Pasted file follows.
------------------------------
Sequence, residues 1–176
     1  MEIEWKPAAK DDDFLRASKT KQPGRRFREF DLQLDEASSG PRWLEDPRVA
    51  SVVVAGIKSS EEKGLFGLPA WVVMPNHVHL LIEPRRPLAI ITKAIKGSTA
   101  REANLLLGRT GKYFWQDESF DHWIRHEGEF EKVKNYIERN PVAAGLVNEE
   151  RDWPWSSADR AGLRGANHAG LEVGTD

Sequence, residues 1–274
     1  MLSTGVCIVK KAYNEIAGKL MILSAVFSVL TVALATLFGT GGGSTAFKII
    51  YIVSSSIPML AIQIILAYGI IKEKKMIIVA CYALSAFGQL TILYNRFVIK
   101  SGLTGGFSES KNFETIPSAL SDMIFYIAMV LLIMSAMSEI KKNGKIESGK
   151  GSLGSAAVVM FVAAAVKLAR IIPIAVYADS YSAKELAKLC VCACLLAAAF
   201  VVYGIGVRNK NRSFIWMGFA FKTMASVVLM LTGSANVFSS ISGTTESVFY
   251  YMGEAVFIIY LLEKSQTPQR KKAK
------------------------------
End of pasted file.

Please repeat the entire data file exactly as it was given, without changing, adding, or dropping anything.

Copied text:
Sequence, residues 1–176
     1  MEIEWKPAAK DDDFLRASKT KQPGRRFREF DLQLDEASSG PRWLEDPRVA
    51  SVVVAGIKSS EEKGLFGLPA WVVMPNHVHL LIEPRRPLAI ITKAIKGSTA
   101  REANLLLGRT GKYFWQDESF DHWIRHEGEF EKVKNYIERN PVAAGLVNEE
   151  RDWPWSSADR AGLRGANHAG LEVGTD

Sequence, residues 1–274
     1  MLSTGVCIVK KAYNEIAGKL MILSAVFSVL TVALATLFGT GGGSTAFKII
    51  YIVSSSIPML AIQIILAYGI IKEKKMIIVA CYALSAFGQL TILYNRFVIK
   101  SGLTGGFSES KNFETIPSAL SDMIFYIAMV LLIMSAMSEI KKNGKIESGK
   151  GSLGSAAVVM FVAAAVKLAR IIPIAVYADS YSAKELAKLC VCACLLAAAF
   201  VVYGIGVRNK NRSFIWMGFA FKTMASVVLM LTGSANVFSS ISGTTESVFY
   251  YMGEAVFIIY LLEKSQTPQR KKAK